Map sale

Epic’s Support-a-Creator program only pays out 5% of game content creators’ sales


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Along with opposing Apple’s payments through the App Store, Epic is collecting 95% of the revenue from people participating in the new “Support a Creator” program.

Fortnite has been a smash hit for Epic Games, with the company benefiting from purchases of virtual currency by gamers as well as groups producing content specifically for the game. money from in-game purchases.

In a profile of the growing number of creators creating content for Fortnite, The edge reports that small businesses are created specifically for third-party efforts. However, these teams must rely on collaborating with brands to earn significant revenue, instead of taking advantage of spin-off funds from Epic.

Covering discussions with companies like Beyond Creative that have worked with companies like Verizon and Nvidia, the projects can end up being a lot of work. According to Alliance Studios co-owner Simon Bell, a project with a brand can last between two weeks and six months, depending on the workload.

These deals are also lucrative, with Bell confirming contracts can be between “four and six figures”. In return, the brands have a map and content that players can discover.

epic misery

Although drafts are generally successful, with about half the game time of Fortnite users spent in the custom maps instead of the main game, the developers don’t expect to gain much from the game directly.

Epic operates a Support a creator program, which hands participants a creator code that players can enter into the game. Purchases made while a code is active on an account give a small credit to the owner of that code.

The problem is that the amount creators receive can be quite small. It’s so low that in an FAQ about the program asking if creators could benefit from it, Epic warns “Expect modest results.”

The Support-A-Creator program is open to anyone with more than 1,000 followers on a social media program, age 13 or older, who can agree to the agreement, meet the Creator Content Guidelines, and receive payment of the company’s designated payment platform. .

In exchange for agreeing to the terms, creators can earn a very small amount in return. Indeed, creators can expect to earn $5 for every $100 of in-game purchases by supporters using that creator’s code.

Additionally, creators must earn at least $100 over a 12-month period to be eligible for a payout. If that $100 barrier is not reached, “all attributed purchases and/or redemptions made by subscribers during that 12-month period will be reset to zero.”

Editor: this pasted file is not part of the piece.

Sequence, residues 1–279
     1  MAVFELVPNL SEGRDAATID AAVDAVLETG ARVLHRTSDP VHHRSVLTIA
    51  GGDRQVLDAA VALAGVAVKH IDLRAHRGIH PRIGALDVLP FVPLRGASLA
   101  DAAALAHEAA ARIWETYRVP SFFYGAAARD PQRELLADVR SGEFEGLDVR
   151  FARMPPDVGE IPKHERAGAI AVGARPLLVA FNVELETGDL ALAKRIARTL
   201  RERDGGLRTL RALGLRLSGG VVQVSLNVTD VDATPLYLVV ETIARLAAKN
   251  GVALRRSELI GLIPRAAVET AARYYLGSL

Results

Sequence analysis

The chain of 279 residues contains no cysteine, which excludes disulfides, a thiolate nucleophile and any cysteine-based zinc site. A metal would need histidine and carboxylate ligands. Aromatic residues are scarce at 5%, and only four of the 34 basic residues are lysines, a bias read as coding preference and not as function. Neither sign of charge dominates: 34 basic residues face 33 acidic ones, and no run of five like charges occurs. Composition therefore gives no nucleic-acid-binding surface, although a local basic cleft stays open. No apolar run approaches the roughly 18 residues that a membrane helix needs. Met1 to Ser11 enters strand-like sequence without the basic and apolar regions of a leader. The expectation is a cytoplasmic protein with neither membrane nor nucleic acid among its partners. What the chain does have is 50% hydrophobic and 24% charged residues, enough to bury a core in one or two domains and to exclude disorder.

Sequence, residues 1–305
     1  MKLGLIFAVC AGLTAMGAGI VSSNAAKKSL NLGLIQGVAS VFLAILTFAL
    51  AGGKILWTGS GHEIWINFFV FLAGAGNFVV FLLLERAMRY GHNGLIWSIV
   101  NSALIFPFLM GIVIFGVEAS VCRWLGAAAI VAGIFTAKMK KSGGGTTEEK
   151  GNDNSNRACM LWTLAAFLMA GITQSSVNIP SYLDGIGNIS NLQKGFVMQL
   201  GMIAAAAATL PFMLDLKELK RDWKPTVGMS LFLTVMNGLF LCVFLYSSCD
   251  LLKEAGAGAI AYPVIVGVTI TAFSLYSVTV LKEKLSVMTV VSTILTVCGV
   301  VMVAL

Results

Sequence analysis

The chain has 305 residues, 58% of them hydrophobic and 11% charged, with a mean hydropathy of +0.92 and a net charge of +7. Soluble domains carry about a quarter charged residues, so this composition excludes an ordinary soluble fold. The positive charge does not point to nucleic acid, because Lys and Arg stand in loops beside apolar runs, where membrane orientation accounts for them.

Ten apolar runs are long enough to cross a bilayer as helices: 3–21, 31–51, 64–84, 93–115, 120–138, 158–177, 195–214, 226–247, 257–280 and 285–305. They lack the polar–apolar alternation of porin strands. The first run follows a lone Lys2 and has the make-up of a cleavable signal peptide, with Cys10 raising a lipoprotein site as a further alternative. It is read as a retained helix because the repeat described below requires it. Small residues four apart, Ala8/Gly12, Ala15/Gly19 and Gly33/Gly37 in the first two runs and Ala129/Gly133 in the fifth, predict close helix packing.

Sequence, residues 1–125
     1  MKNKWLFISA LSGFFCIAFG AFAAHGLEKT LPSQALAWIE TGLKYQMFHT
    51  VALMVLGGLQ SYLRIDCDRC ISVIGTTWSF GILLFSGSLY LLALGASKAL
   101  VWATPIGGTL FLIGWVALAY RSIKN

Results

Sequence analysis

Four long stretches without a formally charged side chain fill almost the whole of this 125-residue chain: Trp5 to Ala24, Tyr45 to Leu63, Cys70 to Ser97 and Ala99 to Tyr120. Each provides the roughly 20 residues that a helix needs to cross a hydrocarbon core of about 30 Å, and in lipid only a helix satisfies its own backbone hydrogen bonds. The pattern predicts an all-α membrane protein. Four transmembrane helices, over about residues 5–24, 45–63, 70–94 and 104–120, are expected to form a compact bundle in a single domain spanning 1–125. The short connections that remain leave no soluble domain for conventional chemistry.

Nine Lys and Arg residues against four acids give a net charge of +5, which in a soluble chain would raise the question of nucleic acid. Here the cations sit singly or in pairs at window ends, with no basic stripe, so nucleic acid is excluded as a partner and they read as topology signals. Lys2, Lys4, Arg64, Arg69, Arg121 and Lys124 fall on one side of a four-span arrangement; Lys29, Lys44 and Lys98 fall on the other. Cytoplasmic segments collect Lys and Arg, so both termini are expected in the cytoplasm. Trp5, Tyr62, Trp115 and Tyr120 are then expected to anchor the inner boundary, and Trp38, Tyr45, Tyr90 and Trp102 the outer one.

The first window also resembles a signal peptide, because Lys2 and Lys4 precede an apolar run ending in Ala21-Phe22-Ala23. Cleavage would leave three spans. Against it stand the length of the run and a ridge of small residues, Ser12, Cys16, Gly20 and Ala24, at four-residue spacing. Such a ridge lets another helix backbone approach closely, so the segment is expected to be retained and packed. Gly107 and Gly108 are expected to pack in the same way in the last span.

The amount creators can earn from Epic is extremely low compared to other storefronts. For Apple’s App Store, it takes a 30% commission on purchases, 15% in certain circumstances, leaving developers with the lion’s share of the value of the transaction.

In April, Apple attacked Meta over a plan to charge developers up to 47.5% for virtual goods sold through the Meta Quest store, combining a 17.5% discount with platform fees. 30% form.

Rival metaverse-style platform Roblox also came under fire in August 2021 for providing developers with a small sales cut from its in-game sales. However, even this commission provided creators with around 35% of the total value of Robux.

Epic’s incredibly low payout rate to creators is ironic, given that one of the reasons for Epic Games’ decision to pull out Fortnite from the App Store and causing a major legal battle was Apple’s 30% commission and Epic’s intention to avoid paying it.

from Fortnite greed isn’t just limited to content creators. Epic Games has become the target of criticism and lawsuits for allegedly steal dance stepswhich are then used as in-game emotes.

The financial difficulty of earning money Fortnite pushed creators to work with brands to earn significant revenue, but they also want there to be more monetization options. For example, creating virtual items for sale in the digital storefront.

Epic CEO Tim Sweeney also hinted in April that Epic may offer more monetization options in the future. Sweeney commented that Epic was working on “Fortnite Creator Economy versions 2 and 3″ and expect “great changes throughout the year”.